One of the means by which such neoliberal academic subjectivation occurs is metricisation. As a result of the increasing marketisation and managerialisation of higher education, those of us who work or study in the university are being exposed to various forms of auditing, various quantification practices, various techniques and pressures to do with self-presentation, self-promotion and self-marketing, many of which have their origins in the cultures of management consultancy and Silicon Valley. This in turn has led large numbers of us to join for-profit academic social networks (e.g., Academia.edu, ResearchGate), and act like micro-celebrities. We blog, tweet and post about our work and about even our lives – about what we like, about what’s happening with us – in order to establish ourselves and our individual authorial personalities as brands. Now a number of media, communication and cultural studies scholars have written very powerfully about the stress, the depression, the exhaustion, the anxiety all the monitoring and measuring of our teaching loads, research outputs, grant income, citations, page view counts, download counts and so on is creating. And I’m interested in that too. But I’m also interested in what often gets left out of this picture: the subject position that is being adopted when we write and speak about the neoliberal transformation of higher education. It’s a subject position that is, in effect, held up as some kind of solution, or at least preferable option, to the shift toward the entrepreneurial culture and quantified academic of neoliberalism almost by default.
To come at it from a slightly different angle: as critical media theorists many of us are only too aware that new media technologies – software, code, data and the related means of algorithmic measurement and classification and so on – are involved in shaping our subjectivities and consciousness, our sense of self. Not enough attention is currently being paid, however, to the ways in which those media technologies that still play an extremely large role in structuring and arranging how we work as theorists, namely print-on-paper books and journal articles, are also involved in the formation of our subjectivities. So, yes, in my research I’m concerned with the new, voluntarily self-governing, self-disciplining and self-exploitative neoliberal subjects we are becoming. But I'm also concerned with the particular configuration of academic subjectivity and the related media technologies we are moving and transforming from on this account.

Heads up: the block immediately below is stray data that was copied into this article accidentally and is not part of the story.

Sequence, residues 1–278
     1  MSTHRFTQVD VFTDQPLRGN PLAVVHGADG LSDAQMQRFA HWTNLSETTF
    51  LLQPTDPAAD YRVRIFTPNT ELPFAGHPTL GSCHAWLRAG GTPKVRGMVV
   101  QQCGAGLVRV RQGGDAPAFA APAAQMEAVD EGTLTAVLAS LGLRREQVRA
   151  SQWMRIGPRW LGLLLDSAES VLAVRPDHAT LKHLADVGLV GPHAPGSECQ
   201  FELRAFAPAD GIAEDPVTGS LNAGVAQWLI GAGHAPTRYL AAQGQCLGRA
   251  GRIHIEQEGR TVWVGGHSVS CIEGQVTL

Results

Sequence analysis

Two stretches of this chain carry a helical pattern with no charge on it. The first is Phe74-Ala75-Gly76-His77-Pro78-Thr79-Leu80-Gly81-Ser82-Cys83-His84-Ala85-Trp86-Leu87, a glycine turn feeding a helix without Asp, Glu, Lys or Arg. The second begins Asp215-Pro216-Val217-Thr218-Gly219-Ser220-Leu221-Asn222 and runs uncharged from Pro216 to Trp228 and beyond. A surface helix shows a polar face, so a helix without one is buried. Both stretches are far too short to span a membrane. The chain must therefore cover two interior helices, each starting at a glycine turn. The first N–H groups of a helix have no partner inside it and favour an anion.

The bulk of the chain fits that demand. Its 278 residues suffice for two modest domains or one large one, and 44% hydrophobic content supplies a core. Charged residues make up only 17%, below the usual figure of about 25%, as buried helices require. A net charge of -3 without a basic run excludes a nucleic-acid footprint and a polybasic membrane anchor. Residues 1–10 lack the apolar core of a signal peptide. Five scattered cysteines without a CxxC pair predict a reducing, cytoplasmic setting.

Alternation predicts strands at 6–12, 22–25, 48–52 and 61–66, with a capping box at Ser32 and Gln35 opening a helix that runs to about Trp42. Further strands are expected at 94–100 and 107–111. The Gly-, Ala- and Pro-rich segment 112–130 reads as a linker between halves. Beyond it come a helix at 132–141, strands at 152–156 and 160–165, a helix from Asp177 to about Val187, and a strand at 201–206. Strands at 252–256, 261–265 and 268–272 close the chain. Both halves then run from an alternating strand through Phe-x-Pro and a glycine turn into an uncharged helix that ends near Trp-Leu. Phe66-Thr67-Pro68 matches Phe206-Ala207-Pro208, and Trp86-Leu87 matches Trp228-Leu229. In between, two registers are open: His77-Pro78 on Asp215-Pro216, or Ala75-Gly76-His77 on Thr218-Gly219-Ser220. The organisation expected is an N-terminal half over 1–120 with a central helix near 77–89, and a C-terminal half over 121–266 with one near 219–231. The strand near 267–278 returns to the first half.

This is why I began my lecture at the MeCCSA-PGN 2015 Conference in Coventry by referring to Michel Foucault’s 1980 interview with Le Monde, ‘The Masked Philosopher’. In particular I wanted to draw attention to Foucault’s remark in this interview that ‘books, universities, learned journals are also information media’. The reason I wanted to do so was to emphasise it’s not just radio, cinema, television, newspapers, magazines and the internet that are media technologies: so are the books and journal articles we write, and the institutions we work and study in. They are instances of media every bit as much as Facebook, Twitter, Instagram and YouTube, and they also help to configure us as subjects. For me, this is something that’s too often overlooked by media scholars when we think about neoliberalism, marketisation, or how we’re being constantly monitored, measured, audited and assessed.
Why is it so important to pay attention to the configuration of academic subjectivity we are transforming from? It’s important because it’s often very much a liberal humanist subjectivity; one that has occupied (at least until recently, and still does in many respects) a position of hegemonic dominance within the profession. It is this liberal humanist model of academic selfhood – especially as it is enacted in our inherited ideas of individual proprietorial authorship, originality, copyright, the fixed and finished object, the proper noun or name – that continues to shape our work as media, communication and cultural studies students and scholars, and that many of us still adopt as a basis for engaging critically with the forces of neoliberalism. Hence we continue to write long-form, sequential books and journal articles that we insist are treated as our individually authored intellectual property, and that we then proceed to publish in uniform, multiple-copy editions, under an all rights reserved or, at best, Creative Commons, copyright licence. Moreover, it is a model of academic subjectivity that comes with a related privileging of the values of academic freedom, of fundamental as opposed to applied research, of individualised rather than mass teaching (detectable behind a lot of the concern over the development of xMOOCs), and of the relatively autonomous public university whose primary function is education rather than the generation of financial profit.
I’m moving very quickly, but for me there’s a real danger in this of us of going along too readily with liberalism’s own belief that, with its notions of individual liberty, citizenship and human rights, it can speak on behalf of humanity. What is the danger here? Well, to paint it in the broadest possible strokes, it is this belief that has given ‘liberalism’ the right, the duty in fact, to impose its philosophy onto the rest of the world, leading to the ‘civilising’ missions of colonialism, economic imperialism, and capitalist neoliberal globalisation, whereby liberal norms and values are universalized and extended to the sphere of international relations, to the concealment of the mechanisms by which those who do not adhere to such ideas are excluded. From this point of view, to oppose liberal humanism is not to oppose a particular philosophy; it’s to oppose human rights and liberty, indeed humanity and the human, per se.